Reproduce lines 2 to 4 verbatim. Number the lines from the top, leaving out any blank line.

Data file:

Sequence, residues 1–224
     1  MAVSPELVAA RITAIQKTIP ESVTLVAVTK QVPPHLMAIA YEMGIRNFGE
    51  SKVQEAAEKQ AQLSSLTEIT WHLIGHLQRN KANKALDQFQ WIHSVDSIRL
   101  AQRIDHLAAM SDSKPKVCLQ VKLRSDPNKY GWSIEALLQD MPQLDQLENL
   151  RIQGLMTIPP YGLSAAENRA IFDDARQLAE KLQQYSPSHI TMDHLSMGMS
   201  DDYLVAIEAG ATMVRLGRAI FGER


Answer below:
     1  MAVSPELVAA RITAIQKTIP ESVTLVAVTK QVPPHLMAIA YEMGIRNFGE
    51  SKVQEAAEKQ AQLSSLTEIT WHLIGHLQRN KANKALDQFQ WIHSVDSIRL
   101  AQRIDHLAAM SDSKPKVCLQ VKLRSDPNKY GWSIEALLQD MPQLDQLENL